In the past, many of us sent our children to kindergarten assuming what is where learning began. Now we know that is not the case.
Today most children enter school knowing their letters and the sounds of the letters. Some even know how to read. Most have been in preschool for one or two year or sometimes even more.
That is not true for everyone. Other children come to school having read few books, not knowing letters or sounds of letters. These children are significantly behind before they begin. Many will catch up and some will not.
If you want your child ready for school, there are things you need to be doing right now. You are the key to your child being kindergarten ready.
Read to your child regularly. This will help him more than any single thing you can do. The library has great books you can check out. Trade children books with friends but read every day.
Talk to your child a lot. This increases his language skills and just makes him smarter. He learns a great deal from the words he hears so he needs to hear lots of them.
Listen to your child even more. This encourages him to use his language skills. It also increases his sense of self-worth.
Pay attention to his development. Read about what your child at this age should be doing wherever you have an opportunity. Come to First Teacher and learn from the guest speakers and the many parents you will meet. If you have concerns about how your child is doing for his age, ask about developmental screenings in the community.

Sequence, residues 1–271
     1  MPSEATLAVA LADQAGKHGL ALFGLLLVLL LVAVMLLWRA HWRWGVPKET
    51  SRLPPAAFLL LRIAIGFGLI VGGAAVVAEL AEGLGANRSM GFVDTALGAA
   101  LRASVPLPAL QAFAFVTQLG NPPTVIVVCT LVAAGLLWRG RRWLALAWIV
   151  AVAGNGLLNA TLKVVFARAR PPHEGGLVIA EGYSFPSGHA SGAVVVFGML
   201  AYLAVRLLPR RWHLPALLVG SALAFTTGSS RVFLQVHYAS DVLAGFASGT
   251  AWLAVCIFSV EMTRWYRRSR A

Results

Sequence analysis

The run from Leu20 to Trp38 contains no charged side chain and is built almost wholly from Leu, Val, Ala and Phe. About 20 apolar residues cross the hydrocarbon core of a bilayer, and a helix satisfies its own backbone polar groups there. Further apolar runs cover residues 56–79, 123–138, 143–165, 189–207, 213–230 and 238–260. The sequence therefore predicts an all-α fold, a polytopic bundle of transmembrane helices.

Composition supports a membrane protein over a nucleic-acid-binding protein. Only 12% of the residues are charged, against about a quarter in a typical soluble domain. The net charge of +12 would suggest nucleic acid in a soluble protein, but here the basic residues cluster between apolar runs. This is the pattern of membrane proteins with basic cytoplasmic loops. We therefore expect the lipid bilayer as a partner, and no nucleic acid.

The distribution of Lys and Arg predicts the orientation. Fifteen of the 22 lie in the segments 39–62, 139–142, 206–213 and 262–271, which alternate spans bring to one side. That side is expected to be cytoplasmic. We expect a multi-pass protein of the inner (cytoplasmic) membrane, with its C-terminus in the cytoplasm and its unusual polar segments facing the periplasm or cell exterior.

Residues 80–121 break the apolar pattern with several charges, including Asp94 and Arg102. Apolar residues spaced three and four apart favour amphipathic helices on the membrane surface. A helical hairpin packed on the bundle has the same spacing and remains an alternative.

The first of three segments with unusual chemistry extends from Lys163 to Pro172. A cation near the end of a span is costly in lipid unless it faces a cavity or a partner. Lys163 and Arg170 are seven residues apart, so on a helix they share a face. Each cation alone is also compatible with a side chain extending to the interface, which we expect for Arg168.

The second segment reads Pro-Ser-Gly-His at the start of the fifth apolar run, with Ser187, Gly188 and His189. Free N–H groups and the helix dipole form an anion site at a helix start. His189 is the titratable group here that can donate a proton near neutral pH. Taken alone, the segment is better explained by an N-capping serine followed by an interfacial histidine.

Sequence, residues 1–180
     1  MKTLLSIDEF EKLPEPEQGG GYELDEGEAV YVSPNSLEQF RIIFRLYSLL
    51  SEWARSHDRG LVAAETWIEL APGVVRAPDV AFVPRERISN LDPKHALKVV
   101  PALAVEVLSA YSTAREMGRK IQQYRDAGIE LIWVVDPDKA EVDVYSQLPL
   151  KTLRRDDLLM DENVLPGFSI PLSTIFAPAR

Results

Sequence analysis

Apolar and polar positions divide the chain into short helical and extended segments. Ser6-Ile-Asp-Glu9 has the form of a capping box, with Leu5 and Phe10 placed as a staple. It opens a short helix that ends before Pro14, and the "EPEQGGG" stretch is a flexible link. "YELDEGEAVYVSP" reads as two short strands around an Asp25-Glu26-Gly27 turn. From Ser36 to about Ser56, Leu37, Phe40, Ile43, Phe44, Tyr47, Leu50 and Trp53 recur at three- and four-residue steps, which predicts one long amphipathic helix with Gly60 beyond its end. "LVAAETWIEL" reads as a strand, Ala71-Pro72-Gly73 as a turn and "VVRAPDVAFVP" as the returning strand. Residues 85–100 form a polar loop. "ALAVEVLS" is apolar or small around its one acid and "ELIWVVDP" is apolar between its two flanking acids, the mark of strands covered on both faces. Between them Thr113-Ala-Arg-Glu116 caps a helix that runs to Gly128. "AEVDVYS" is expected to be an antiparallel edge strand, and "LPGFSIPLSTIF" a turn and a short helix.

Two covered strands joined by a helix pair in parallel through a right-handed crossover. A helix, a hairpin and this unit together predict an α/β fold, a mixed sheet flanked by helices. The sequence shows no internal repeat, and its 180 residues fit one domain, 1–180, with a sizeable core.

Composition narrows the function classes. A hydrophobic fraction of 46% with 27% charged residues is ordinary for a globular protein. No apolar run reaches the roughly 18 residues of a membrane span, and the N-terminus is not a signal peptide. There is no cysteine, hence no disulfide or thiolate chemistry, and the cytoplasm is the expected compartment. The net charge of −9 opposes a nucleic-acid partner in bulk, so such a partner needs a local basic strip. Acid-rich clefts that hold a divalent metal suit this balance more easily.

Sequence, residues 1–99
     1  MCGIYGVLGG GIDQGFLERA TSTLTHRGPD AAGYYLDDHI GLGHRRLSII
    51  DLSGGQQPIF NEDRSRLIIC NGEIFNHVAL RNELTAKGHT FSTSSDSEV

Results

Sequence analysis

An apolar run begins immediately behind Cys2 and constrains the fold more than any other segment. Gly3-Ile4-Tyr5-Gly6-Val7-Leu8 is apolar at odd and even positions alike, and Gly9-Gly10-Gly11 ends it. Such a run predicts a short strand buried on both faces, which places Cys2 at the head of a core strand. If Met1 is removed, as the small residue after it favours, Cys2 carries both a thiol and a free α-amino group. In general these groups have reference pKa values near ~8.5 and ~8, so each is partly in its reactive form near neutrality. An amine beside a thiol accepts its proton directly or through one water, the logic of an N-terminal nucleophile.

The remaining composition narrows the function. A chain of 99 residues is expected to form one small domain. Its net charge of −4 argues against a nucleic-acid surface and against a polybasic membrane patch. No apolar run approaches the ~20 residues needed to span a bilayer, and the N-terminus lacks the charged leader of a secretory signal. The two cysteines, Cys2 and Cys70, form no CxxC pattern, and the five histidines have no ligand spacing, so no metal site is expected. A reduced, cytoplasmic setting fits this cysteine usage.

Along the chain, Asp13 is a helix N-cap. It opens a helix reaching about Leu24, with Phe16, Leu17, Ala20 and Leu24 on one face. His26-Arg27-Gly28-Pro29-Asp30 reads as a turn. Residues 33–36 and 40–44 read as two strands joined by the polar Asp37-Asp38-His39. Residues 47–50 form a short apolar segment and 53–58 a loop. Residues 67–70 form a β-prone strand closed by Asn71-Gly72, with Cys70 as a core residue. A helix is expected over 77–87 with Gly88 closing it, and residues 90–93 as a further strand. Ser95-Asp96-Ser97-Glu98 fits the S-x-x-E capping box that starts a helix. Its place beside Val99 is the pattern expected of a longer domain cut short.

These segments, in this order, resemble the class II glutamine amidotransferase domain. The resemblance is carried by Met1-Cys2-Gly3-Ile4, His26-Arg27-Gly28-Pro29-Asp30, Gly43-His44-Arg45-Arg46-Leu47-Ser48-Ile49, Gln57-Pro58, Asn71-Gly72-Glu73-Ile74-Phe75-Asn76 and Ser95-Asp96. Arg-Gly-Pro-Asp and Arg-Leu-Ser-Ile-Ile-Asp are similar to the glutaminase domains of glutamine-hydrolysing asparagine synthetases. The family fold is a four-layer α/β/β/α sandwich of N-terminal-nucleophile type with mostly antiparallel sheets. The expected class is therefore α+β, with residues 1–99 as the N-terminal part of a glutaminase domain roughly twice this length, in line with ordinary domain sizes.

Give your child opportunities to learn skills. With a chance from you, he can learn how to use a scissors, how to answer questions about the book you are reading together, and how to interact with other children. There are many opportunities to learn that you can introduce him to.
You do not have to sit down and monitor his learning. You can do it while you are doing other things. You can do it and have fun doing it.
Getting the clothes ready for washing, you can sing some of the songs that he has learned with you. This is washing time but it can also be part of education time.
When you are setting the table or putting dishes into the washer, ask him questions he can answer. Questions about the book you read together last night or questions about what his favorite book is and why. Ask him to tell you as many letters as he can, from A-Z. Give him help when he needs it.
When you are in the car, do not miss the opportunity to point out important things in the environment. Show him the stop signs. Talk about the lights at the corner. Talk about laws you are obeying. Certainly talk about the importance of his seat belt and of your seat belt.
Make sure you spend time a few close minutes together reading a book at night. This is important learning time.
Help him get off to a good start with what he learns today. You are his first teacher and you are very important in helping him be ready for kindergarten and for life.
Cynthia Martin is the founder of the First Teacher program and former executive director of Parenting Matters Foundation, which publishes newsletters for parents, caregivers and grandparents. To reach interim First Teacher Executive Director Patty Waite, email email@example.com or call 360-681-2250.